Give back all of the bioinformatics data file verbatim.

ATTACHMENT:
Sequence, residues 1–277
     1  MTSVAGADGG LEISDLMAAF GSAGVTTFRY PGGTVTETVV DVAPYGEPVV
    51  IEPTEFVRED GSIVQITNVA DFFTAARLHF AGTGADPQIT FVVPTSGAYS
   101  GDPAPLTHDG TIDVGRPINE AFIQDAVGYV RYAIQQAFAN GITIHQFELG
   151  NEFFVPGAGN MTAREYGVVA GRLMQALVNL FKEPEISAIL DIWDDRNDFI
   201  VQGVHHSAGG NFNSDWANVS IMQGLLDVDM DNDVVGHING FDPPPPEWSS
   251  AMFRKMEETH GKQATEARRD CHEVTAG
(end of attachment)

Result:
Sequence, residues 1–277
     1  MTSVAGADGG LEISDLMAAF GSAGVTTFRY PGGTVTETVV DVAPYGEPVV
    51  IEPTEFVRED GSIVQITNVA DFFTAARLHF AGTGADPQIT FVVPTSGAYS
   101  GDPAPLTHDG TIDVGRPINE AFIQDAVGYV RYAIQQAFAN GITIHQFELG
   151  NEFFVPGAGN MTAREYGVVA GRLMQALVNL FKEPEISAIL DIWDDRNDFI
   201  VQGVHHSAGG NFNSDWANVS IMQGLLDVDM DNDVVGHING FDPPPPEWSS
   251  AMFRKMEETH GKQATEARRD CHEVTAG